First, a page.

San Francisco federal District Judge James Donato dismissed the suit in an order on Friday, writing that the former president’s argument that the ban violated his First Amendment right to free speech did not start “from a position of strength.”
Donato noted that Twitter is a private company and that “the First Amendment applies only to governmental abridgements of speech, and not to alleged abridgements by private companies.”
The only way Trump might beat the ban in court, Donato said, was if he could demonstrate that his suspension was attributable to the government. But he didn’t do that, Donato said.
“Overall, the amended complaint does not plausibly allege that Twitter acted as a government entity when it closed plaintiffs’ accounts,” Donato wrote.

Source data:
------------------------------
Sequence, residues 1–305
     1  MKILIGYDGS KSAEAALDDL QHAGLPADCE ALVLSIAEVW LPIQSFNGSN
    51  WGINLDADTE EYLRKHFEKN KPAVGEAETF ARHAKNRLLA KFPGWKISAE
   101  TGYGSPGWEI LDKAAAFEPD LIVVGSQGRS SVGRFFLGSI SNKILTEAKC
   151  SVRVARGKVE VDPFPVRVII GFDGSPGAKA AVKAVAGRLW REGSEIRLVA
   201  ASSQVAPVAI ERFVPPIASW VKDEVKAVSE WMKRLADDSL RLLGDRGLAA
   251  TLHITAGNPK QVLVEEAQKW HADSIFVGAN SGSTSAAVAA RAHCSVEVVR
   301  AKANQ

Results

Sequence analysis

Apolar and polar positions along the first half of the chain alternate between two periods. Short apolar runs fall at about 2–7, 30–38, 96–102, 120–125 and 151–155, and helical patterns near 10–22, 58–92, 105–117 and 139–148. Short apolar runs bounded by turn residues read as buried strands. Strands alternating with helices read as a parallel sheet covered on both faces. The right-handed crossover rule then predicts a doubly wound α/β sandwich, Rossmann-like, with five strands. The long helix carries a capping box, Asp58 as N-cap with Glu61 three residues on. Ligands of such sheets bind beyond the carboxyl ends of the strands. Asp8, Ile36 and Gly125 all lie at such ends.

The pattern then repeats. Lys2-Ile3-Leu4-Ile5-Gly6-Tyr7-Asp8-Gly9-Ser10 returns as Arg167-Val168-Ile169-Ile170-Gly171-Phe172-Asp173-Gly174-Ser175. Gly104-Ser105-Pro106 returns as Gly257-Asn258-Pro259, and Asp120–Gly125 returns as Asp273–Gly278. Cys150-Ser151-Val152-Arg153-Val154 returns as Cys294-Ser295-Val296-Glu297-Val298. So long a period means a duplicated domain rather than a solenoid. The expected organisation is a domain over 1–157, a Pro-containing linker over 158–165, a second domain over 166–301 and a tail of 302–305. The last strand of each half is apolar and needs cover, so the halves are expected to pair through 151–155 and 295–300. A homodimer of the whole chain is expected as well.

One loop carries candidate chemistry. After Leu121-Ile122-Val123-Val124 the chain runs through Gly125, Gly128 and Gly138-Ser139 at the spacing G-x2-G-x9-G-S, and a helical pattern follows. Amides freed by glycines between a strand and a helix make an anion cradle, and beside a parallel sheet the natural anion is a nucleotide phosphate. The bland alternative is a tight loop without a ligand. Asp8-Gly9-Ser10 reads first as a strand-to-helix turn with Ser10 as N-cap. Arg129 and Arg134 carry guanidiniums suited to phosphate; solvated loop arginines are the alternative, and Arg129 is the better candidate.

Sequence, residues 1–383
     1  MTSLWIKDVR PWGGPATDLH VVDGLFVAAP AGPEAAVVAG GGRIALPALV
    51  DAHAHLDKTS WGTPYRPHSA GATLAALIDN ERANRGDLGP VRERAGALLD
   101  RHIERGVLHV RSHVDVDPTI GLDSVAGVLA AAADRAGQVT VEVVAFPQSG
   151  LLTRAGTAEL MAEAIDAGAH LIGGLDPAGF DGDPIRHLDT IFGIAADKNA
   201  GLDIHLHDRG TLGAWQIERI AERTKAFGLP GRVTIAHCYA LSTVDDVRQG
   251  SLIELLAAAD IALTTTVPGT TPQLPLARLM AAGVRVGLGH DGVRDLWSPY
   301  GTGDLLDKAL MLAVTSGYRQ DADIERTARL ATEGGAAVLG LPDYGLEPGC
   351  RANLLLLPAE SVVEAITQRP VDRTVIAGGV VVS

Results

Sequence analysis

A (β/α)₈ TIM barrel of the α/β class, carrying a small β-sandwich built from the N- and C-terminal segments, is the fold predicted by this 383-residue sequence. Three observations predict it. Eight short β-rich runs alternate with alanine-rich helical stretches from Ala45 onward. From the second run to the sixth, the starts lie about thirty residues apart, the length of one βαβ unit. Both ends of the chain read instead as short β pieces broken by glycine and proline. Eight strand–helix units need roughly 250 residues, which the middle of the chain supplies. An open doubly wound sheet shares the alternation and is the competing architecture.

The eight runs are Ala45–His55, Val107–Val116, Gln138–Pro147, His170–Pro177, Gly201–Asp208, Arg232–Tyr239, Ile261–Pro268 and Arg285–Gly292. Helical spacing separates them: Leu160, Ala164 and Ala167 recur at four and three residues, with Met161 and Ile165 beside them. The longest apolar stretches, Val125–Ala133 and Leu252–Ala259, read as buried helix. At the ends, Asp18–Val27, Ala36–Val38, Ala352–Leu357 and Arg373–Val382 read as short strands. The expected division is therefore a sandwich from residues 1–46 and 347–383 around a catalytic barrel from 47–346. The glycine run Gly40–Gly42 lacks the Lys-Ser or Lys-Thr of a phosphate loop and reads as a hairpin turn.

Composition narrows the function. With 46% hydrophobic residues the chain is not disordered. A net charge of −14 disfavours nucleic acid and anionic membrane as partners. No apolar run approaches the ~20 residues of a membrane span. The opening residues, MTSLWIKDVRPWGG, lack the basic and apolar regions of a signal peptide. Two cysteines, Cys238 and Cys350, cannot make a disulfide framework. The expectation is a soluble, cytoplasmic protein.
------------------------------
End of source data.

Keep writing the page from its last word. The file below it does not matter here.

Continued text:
Twitter officially banned Trump on Jan. 8, 2021, two days after the Jan. 6 insurrection at the U.S. Capitol. Company officials said the ban was “due to the risk of further incitement of violence.”
But Trump’s Twitter suspension hasn’t really stopped him from sending messages to followers through his spokesperson, Liz Harrington, who posts them on her own Twitter page.
As of Friday, Trump, er, Harrington hadn’t posted anything about the court defeat.
Last month, Trump claimed he had no plans to return to Twitter even if multibillionaire Elon Musk got rid of the ban once his purchase of the company was complete.
Instead, the former president said he would stick with Truth Social, his own problem-plagued social media company.
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